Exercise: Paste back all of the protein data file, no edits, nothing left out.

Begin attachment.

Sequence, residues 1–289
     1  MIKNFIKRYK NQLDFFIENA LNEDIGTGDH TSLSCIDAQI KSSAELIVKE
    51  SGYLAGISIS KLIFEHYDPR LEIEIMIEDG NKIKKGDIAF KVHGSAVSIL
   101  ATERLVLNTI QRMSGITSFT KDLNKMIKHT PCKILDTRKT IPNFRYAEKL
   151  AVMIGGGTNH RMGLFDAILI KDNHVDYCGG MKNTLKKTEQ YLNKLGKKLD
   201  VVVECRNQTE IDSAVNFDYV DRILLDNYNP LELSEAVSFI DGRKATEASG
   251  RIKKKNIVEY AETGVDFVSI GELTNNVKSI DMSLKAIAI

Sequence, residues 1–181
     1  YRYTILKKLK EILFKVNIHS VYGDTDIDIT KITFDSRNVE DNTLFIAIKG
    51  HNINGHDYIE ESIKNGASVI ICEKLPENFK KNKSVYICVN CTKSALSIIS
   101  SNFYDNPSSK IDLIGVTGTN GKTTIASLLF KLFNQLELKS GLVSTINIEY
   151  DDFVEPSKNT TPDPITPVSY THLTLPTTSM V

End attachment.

Sequence, residues 1–289
     1  MIKNFIKRYK NQLDFFIENA LNEDIGTGDH TSLSCIDAQI KSSAELIVKE
    51  SGYLAGISIS KLIFEHYDPR LEIEIMIEDG NKIKKGDIAF KVHGSAVSIL
   101  ATERLVLNTI QRMSGITSFT KDLNKMIKHT PCKILDTRKT IPNFRYAEKL
   151  AVMIGGGTNH RMGLFDAILI KDNHVDYCGG MKNTLKKTEQ YLNKLGKKLD
   201  VVVECRNQTE IDSAVNFDYV DRILLDNYNP LELSEAVSFI DGRKATEASG
   251  RIKKKNIVEY AETGVDFVSI GELTNNVKSI DMSLKAIAI

Sequence, residues 1–181
     1  YRYTILKKLK EILFKVNIHS VYGDTDIDIT KITFDSRNVE DNTLFIAIKG
    51  HNINGHDYIE ESIKNGASVI ICEKLPENFK KNKSVYICVN CTKSALSIIS
   101  SNFYDNPSSK IDLIGVTGTN GKTTIASLLF KLFNQLELKS GLVSTINIEY
   151  DDFVEPSKNT TPDPITPVSY THLTLPTTSM V